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HARARE, April 15- The ostrich industry in Zimbabwe has virtually collapsed with the few birds left found in private wildlife parks while the association of producers has also folded, leaving farmers without a representative body.

Prices of ostrich skin and meat tumbled during the economic recession experienced throughout the world, starting in 2007.

Most abattoirs have closed and breeding of the birds has stopped, as prices which ostrich skins and meat were fetching on the international markets did not make the business viable.

“It is not a Zimbabwe problem. The market is overseas, both for the meat and skin,” the former Ostrich Producers’ Association of Zimbabwe (Topaz) president, Brendon Cutteral, was quoted saying two years ago.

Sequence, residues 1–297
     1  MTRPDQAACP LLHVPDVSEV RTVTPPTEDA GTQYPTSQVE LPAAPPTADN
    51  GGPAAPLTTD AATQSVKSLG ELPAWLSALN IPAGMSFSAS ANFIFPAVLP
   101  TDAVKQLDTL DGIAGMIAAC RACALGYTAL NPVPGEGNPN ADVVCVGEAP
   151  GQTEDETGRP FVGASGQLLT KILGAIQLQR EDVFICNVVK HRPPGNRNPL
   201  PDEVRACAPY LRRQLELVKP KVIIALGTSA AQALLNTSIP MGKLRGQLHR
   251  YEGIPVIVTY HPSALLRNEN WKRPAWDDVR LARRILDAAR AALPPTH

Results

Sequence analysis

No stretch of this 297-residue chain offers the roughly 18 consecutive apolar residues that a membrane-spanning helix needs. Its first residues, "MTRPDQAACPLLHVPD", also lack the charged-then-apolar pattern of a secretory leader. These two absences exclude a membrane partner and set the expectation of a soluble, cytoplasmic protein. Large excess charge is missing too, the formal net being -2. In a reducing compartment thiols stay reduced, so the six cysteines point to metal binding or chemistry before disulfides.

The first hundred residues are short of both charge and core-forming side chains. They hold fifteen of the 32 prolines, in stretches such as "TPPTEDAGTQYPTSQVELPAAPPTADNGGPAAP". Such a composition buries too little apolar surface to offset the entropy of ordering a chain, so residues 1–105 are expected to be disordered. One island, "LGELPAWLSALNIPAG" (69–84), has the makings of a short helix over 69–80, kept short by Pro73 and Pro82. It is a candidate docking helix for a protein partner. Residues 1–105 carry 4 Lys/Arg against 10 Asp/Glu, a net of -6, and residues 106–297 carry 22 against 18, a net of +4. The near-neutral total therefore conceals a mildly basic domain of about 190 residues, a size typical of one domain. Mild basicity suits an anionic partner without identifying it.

Ostriches are flightless birds, with their great body size and reduced wing size rendering them incapable of flying. Their strong legs allow them to run at speeds of up to 70 kilometres per hour when necessary, with strides of up to eight metres.

Ostriches are raised commercially for their meat, hide and feathers. The feathers are used for cleaning fine machinery and equipment as well as for decorations and in the fashion industry.

The quality of feathers produced from ostriches raised in Europe and North America differs from those produced in Africa. The best feathers come from the more arid regions of the world.

Ostriches produce red meat, which is very similar in taste and texture to veal and beef, depending on the age at which they are slaughtered.

The skin (hide) is considered to be one of the most luxurious leathers, and some even place it on par with that of crocodiles and snakes.

Ostrich leather is thick, durable and extremely soft and can be manufactured into a variety of products, such as shoes, bags, purses and jackets.